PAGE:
Winsted-Lester Prairie Journal, Jan. 22, 2001

Lester Prairie board hears from state financial specialists

By Lynda Jensen

The Lester Prairie School Board passed its revised 2000-2001 budget during its regular meeting Tuesday.

Approval of the budget was held over from last month's meeting.

The budget was revised to adjust for less revenue, stemming from declining enrollment, and increased expenditures, in part from higher gas prices, Superintendent James Redfield said.

Two education finance specialists from the Minnesota Department of Children, Families and Learning, Mike Enman and Dick Guevremont, were on hand to make suggestions to the board about reducing its chronic deficit.

The duo passed out a detailed breakdown of the district's financial expenditures during the past three years.

Board members spent most of the budget discussion talking about controlling food service costs, and comparing them with other districts.

It was noted that the Glencoe-Silver Lake district charges more for food service than Lester Prairie does. One suggestion was made to raise meal prices.

"To balance the budget, spend no more than what you have," Guevremont said.

The previous budget did not take into account the increase in gas prices. Heating costs alone increased by 309 percent for the district, Redfield said.

"For us, just the projected increase in heating costs for January 2000 through February 2001 is about $40,000," Superintendent James Redfield. "That's a teacher."

Hoernemann suggested lowering thermostats to help with the utility costs. It was decided to call Honeywell to pursue this idea.

Supplies would not be a good area to cut, Guevremont said, since this area is a small percentage and already cut pretty close.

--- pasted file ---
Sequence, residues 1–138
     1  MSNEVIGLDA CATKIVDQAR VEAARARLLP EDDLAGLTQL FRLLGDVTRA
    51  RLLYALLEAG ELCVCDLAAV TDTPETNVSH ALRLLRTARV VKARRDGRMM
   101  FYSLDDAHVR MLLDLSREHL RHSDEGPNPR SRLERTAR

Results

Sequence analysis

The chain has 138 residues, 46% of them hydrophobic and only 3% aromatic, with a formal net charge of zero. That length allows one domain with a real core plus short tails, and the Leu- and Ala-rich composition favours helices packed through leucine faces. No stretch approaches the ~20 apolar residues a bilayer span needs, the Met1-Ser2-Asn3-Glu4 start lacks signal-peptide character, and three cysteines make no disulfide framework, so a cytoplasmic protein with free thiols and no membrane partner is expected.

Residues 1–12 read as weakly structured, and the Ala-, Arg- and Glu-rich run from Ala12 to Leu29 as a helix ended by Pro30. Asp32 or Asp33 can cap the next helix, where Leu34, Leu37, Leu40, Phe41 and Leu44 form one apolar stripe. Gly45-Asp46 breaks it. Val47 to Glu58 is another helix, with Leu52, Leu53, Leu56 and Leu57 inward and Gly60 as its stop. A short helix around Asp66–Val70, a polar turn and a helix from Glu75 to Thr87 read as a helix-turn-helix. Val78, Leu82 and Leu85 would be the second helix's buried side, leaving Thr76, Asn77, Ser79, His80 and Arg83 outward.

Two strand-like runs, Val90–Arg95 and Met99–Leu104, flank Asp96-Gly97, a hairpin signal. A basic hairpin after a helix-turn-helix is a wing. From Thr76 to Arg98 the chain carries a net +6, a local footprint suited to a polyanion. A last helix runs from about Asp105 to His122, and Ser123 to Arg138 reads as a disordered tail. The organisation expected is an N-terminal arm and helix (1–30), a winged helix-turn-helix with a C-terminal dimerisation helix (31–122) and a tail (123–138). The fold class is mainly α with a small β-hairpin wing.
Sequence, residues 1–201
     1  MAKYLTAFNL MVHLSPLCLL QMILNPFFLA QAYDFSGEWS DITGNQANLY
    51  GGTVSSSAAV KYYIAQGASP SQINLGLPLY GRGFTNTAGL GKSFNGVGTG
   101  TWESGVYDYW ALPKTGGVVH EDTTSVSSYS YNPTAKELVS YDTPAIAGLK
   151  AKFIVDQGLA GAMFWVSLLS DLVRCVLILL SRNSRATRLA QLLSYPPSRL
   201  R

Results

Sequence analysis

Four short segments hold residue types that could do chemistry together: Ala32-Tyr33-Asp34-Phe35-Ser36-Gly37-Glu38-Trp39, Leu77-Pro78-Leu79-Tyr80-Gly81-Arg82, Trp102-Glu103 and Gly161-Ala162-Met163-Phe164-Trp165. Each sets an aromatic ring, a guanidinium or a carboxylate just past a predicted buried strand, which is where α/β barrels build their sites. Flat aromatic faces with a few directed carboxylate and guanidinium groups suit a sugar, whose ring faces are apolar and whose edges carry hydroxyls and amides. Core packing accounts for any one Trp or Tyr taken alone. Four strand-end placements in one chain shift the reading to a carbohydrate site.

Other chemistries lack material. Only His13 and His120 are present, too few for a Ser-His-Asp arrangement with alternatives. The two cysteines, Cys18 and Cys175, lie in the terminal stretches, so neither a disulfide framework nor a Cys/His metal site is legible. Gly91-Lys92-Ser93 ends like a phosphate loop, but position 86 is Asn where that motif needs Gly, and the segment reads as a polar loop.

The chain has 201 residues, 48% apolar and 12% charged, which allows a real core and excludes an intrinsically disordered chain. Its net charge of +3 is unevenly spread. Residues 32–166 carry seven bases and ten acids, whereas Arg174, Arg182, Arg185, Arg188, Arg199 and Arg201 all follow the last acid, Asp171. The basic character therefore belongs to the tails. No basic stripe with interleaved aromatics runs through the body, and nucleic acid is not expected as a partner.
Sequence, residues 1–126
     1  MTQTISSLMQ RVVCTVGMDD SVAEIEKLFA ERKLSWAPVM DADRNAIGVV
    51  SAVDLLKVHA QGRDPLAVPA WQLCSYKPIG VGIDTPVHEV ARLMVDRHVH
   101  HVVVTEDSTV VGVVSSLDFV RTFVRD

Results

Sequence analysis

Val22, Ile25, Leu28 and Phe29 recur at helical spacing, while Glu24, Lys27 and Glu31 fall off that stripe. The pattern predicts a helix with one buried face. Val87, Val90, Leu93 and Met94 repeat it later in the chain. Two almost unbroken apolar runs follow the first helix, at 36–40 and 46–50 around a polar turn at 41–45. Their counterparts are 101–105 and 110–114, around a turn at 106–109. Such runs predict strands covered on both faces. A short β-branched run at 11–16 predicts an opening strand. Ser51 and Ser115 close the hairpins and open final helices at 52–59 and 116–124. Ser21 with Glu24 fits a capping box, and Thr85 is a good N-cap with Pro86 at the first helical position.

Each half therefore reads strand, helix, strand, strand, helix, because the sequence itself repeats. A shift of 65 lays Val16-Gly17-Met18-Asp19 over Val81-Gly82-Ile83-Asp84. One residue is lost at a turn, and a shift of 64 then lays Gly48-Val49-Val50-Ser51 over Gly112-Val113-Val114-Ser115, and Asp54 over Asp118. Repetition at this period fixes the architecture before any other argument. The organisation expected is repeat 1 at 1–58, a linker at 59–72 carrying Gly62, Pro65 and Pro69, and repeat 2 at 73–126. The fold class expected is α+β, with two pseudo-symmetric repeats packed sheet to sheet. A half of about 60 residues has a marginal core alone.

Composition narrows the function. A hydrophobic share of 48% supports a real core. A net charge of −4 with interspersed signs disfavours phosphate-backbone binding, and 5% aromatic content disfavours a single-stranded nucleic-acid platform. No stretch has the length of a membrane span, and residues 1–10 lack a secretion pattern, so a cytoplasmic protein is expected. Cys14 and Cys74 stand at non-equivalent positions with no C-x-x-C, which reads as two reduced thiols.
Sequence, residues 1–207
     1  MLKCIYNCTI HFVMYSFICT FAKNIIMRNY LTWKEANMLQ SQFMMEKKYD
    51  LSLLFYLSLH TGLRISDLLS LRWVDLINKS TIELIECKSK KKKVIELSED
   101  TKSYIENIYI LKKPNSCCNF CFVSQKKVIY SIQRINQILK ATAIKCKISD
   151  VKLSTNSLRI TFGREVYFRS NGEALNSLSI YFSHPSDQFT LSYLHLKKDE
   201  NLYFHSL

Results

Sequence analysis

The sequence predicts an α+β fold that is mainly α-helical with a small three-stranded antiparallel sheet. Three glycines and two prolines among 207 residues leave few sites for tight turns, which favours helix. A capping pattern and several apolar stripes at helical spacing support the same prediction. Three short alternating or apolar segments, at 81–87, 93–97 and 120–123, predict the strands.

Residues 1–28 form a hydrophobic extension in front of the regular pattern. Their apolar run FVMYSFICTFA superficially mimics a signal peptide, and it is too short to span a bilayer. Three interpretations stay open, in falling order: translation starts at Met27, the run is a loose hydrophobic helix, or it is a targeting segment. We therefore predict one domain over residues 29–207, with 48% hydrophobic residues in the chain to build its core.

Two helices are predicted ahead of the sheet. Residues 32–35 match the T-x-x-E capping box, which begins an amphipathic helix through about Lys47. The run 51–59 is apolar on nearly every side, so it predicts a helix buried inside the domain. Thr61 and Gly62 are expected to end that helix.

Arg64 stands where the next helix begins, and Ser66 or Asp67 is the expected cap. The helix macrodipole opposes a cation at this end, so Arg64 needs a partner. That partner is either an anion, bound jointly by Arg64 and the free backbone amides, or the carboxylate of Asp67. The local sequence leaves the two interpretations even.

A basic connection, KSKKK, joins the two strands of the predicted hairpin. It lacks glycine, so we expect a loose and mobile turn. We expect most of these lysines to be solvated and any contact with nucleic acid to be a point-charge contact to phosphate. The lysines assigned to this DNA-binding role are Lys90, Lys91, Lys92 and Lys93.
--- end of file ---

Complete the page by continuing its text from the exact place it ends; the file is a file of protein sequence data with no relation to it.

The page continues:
About five percent of the budget covers supplies.

Guevremont told the board to look for pockets of dollars, anywhere they can be found.

Although the general fund is basically balanced, it was noted that the deficit increased due to the addition of three teachers since 1997.

However, student enrollment went down from 663 students to 625, which resulted in less revenue.

Discussion ensued about making staff layoffs to counteract this.

Board members touched on the subjects of consolidation and what other districts under statutory operating debt are doing.

"What is the benefit for consolidation?" asked board member Chester Hoernemann. "What happens with other schools in similar situations?"

It was noted that transportation costs and the inherent savings involved in combining staff for certain areas such as payroll and administration would be some of the intrinsic benefits.

Board member Nancy Krull expressed the desire to avoid any financial surprises.

Approximately 85 percent of dollars in the system is taken up by staff salaries, Enman said. This figure decreased for administration, which is what the legislature wanted, he said.

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